As one of the smallest Division I high school wrestling teams in Suffolk County, Shoreham-Wading River is used to grappling against bigger teams.
“I think the kids relish that challenge,” coach Joe Condon said. “We like competing against the big schools.”
The Wildcats (16-7 last season) face another challenge in 2015-16. Unlike last season’s team, which had seasoned seniors leading the way, the current Wildcats are more of a mixed group.
“I think this is going to be a breakthrough year for a couple of our sophomores and juniors who have broken through the lineup,” said Condon, a former Shoreham wrestler himself who is in his ninth year as the team’s coach. He added, “Hopefully, they’re going to surprise some people because they do work very hard.”
What Jack Taddeo (145 pounds), Kevin Meloni (106) and Jack Del Duca (120) bring to the wrestling mat shouldn’t be a surprise. Those three seniors were among the team’s five League VI champions last season. Taddeo was fourth in the nation, fifth in the state and second in the county. He had the most wins by any Shoreham wrestler last season with a 47-5 record, giving him 141 career wins. Meloni took third in the county, and Del Duca finished sixth in Suffolk.
John Carl Petretti, a sophomore who will wrestle at 140 pounds, was third in the league.
Also looking to win places in the lineup are: Ed Troyano, Nick Donnelly and Eamon Reagan at 99 pounds; Brady Cummings and Jack Tressler at 106; Jake Del Duca and Conor Reagan at 113; Jason Guevara and Peter Delise at 120; Cooper Cummings and Michael Wood at 126; Jordan Domino and Sean DePhillips at 132; Noah Blunnie at 140; Joe Miller and Christian Aliperti at 152; Will Loper at 160; Ryan Condon at 170; Mack Yanucci at 184; Erick Marino and Logan Snyder at 195; Nick Serdock at 220; and Brendan Frances and Nick Johnson at 285.
Condon likes the discipline and commitment his wrestlers have shown.
“Those are the kids that I want around,” he said. He continued: “We’re really lucky to have these kind of kids in the program. They’re very self-motivated.”
When Condon wrestled for the Wildcats, their coach at the time was Wade “Rocky” Davey. Davey became Riverhead’s coach in 1989 and had coached the Blue Waves since then. That is, until this season. Davey, 63, has retired, at least temporarily.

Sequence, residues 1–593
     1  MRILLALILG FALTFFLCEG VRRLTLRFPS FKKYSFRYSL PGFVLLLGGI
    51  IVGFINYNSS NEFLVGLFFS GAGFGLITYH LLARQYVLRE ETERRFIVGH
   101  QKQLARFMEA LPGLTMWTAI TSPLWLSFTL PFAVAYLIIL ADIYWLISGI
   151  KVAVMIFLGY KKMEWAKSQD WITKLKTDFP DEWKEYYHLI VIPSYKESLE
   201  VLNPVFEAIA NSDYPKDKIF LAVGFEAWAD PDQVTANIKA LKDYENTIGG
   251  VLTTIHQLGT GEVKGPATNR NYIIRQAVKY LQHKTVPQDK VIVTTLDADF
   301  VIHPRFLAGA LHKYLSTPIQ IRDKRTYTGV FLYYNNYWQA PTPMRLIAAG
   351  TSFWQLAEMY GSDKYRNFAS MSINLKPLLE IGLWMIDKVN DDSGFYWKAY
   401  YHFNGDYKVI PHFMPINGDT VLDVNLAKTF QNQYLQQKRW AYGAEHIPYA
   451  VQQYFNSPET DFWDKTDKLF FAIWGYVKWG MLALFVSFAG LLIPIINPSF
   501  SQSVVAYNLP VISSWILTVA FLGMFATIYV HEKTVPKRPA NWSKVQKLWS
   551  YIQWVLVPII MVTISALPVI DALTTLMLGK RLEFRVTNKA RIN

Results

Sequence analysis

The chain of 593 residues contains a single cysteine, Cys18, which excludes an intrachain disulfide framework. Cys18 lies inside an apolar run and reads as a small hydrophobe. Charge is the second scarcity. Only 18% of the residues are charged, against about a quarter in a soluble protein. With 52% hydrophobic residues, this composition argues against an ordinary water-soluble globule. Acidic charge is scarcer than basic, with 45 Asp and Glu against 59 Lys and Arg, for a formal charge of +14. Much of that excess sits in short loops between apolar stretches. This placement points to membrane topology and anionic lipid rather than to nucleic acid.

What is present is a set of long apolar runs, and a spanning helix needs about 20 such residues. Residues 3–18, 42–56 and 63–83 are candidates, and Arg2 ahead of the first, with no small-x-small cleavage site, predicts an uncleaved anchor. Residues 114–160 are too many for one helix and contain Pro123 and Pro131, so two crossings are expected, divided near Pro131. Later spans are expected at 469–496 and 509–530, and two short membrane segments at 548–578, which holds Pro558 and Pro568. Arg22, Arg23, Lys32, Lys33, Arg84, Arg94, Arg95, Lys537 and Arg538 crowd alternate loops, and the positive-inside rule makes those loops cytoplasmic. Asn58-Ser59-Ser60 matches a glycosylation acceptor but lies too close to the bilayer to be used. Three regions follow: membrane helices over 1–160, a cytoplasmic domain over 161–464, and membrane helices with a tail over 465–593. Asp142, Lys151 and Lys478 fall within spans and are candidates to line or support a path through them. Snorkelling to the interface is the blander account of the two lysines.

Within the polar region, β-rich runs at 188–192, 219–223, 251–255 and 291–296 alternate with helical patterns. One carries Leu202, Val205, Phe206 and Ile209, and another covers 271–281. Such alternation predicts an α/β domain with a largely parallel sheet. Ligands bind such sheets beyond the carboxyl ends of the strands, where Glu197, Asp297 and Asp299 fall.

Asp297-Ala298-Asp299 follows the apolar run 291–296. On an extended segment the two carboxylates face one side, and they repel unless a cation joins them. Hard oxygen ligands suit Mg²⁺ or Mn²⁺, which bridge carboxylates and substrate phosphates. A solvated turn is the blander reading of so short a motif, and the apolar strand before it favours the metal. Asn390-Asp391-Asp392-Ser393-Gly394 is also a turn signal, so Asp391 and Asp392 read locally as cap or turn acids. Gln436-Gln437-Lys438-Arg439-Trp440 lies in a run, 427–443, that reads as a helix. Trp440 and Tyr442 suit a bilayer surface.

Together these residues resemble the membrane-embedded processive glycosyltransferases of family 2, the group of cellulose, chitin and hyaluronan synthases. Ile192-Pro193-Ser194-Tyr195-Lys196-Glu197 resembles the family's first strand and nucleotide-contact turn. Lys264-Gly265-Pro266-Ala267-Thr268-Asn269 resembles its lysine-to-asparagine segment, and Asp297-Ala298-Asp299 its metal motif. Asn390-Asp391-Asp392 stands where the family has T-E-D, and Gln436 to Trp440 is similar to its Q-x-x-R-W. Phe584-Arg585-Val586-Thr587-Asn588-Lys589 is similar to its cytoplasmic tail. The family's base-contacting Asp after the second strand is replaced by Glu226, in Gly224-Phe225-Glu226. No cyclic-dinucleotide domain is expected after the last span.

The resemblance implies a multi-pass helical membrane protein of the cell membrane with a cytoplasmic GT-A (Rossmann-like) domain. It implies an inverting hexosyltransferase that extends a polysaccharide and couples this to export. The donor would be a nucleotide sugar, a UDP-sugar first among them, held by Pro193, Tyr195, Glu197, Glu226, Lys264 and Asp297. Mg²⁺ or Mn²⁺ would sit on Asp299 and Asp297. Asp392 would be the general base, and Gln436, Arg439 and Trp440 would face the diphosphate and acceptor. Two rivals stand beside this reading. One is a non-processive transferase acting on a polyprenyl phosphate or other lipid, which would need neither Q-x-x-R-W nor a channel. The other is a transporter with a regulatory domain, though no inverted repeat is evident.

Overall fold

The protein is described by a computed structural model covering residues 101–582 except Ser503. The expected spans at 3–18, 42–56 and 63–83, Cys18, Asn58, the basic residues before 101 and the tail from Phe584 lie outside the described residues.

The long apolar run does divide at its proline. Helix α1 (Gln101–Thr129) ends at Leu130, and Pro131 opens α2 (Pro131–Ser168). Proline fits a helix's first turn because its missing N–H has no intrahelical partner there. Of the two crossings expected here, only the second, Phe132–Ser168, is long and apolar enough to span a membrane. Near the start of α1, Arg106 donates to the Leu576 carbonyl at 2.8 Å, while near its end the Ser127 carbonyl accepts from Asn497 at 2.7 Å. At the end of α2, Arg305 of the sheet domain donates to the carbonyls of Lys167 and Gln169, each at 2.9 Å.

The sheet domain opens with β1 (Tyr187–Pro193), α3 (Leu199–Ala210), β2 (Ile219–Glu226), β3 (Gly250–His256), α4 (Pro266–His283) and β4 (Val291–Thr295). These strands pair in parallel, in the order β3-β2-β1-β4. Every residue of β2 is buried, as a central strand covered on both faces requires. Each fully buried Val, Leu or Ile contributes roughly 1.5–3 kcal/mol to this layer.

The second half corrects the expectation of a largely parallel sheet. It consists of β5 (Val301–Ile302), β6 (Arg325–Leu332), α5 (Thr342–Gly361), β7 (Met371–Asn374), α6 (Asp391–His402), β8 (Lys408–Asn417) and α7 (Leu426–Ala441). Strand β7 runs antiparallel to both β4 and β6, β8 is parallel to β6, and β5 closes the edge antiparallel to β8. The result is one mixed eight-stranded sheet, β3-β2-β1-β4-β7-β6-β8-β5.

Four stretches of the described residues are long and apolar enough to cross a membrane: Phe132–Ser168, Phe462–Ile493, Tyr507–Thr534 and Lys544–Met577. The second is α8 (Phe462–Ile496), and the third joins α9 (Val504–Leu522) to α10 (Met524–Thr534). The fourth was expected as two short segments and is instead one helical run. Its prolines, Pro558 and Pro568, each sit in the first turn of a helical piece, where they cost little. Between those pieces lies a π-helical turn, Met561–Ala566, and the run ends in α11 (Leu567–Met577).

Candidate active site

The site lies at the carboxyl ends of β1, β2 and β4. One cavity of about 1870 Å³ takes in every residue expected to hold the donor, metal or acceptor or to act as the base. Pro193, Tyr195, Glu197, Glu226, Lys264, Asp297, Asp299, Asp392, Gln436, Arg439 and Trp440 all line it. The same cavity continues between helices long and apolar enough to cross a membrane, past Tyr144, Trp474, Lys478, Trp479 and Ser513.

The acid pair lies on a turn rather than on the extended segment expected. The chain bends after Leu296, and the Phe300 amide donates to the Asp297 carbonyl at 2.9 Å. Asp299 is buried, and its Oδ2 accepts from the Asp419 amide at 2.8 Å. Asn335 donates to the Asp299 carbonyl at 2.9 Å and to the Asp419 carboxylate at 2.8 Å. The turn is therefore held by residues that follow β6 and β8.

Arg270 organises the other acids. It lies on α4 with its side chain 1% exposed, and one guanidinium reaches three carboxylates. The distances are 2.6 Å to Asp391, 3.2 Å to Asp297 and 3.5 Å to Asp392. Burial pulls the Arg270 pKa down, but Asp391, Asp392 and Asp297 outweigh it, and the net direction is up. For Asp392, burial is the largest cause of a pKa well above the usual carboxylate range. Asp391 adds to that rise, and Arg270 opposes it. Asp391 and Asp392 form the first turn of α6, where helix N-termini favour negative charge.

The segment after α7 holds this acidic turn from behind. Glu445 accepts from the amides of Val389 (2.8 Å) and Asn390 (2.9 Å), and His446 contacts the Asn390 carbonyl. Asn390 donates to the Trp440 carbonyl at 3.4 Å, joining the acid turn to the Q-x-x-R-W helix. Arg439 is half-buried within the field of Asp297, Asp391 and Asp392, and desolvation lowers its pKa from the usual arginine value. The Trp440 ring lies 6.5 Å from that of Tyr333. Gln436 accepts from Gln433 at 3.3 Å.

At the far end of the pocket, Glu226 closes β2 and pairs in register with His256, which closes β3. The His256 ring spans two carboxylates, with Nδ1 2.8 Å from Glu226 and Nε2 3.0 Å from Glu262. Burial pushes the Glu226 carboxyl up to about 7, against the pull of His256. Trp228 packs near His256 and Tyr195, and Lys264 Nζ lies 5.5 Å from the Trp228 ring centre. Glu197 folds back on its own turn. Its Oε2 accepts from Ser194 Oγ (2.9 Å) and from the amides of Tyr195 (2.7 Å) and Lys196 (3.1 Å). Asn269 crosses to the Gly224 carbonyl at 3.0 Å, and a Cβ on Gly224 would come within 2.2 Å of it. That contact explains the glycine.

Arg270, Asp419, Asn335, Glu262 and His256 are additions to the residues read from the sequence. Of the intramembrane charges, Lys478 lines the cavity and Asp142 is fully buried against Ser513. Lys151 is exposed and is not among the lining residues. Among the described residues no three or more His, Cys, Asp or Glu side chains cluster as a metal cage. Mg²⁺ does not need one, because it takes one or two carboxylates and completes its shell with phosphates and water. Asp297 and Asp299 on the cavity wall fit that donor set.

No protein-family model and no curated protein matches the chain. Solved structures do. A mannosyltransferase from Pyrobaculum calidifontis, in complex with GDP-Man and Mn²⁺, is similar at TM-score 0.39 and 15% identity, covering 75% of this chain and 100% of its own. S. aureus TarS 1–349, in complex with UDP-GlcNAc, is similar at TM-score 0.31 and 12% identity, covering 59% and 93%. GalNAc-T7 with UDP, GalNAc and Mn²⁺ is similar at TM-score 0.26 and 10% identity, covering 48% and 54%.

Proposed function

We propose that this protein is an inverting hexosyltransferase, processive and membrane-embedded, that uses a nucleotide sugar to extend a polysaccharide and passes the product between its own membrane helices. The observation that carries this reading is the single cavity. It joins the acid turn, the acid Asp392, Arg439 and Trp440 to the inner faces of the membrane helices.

“It’s been a long time,” he said. “It’s been a long time coming, too, though.”
Davey hasn’t ruled out possibly returning to coaching someday.
Asked if it will feel strange to be out of the wrestling room, he replied: “It will. In some capacity or other I’ve been coaching since 1975.”
Stepping in for Davey is Tom Riccio, who had served as Davey’s right-hand man and assistant coach for 15 years.
“Rocky was a disciplinarian, but I consider him probably one of the top five coaches in the county, but you had to wrestle Rocky’s way,” said Riccio, who has a former Riverhead wrestler, Edwin Perry, serving as his junior varsity coach. Riccio said: “Rocky is going to be sorely missed. He was the mainstay.”
Condon spoke highly of Davey, saying: “He was an outstanding coach. He was one of the best. He taught us a lot. The people really wanted to win for him.”
The Blue Waves (18-7) may find team wins hard to come by this season, though.
“It’s going to be tough,” Riccio said. “Our biggest problem is we don’t have a kid wrestling program. Wrestling in Riverhead had been down because we don’t have a kid wrestling program. If you want to do anything in wrestling, you need that kid wrestling program.”
Riccio, a former wrestler for Walt Whitman High School and Hofstra University, has 33 wrestlers, many of them freshmen and lacking experience.
Kerry Thomas, a senior who wrestles at 120 pounds, was a League IV champion last season. Justin Hansel, a senior at 220, was second in the league last season. Two other seniors, Mitch Hobbs (152) and Jayden Blom (192), were both fourth. Two other veterans are junior Mark Matyka (100) and senior Jose Blancarde (285).
“I’m expecting them to do well in the leagues, and hopefully we’ll have some county place winners,” said Riccio.
Life in League IV is not going to be easy, though, with North Babylon, expected to be one of the best teams in the county, and other tough opponents like Smithtown East, Smithtown West and Copiague to deal with.
“Dual meets are going to be tough,” said Riccio.
Meanwhile, Riccio is adjusting to life as a varsity head coach for the first time. He has found that there is more to it than meets the eye, especially the paperwork.
“There is a lot of paperwork,” he said. “There is paperwork from the school. There is paperwork from Section XI. There is paperwork from the coaches association.”
And a story of a season that has yet to be written.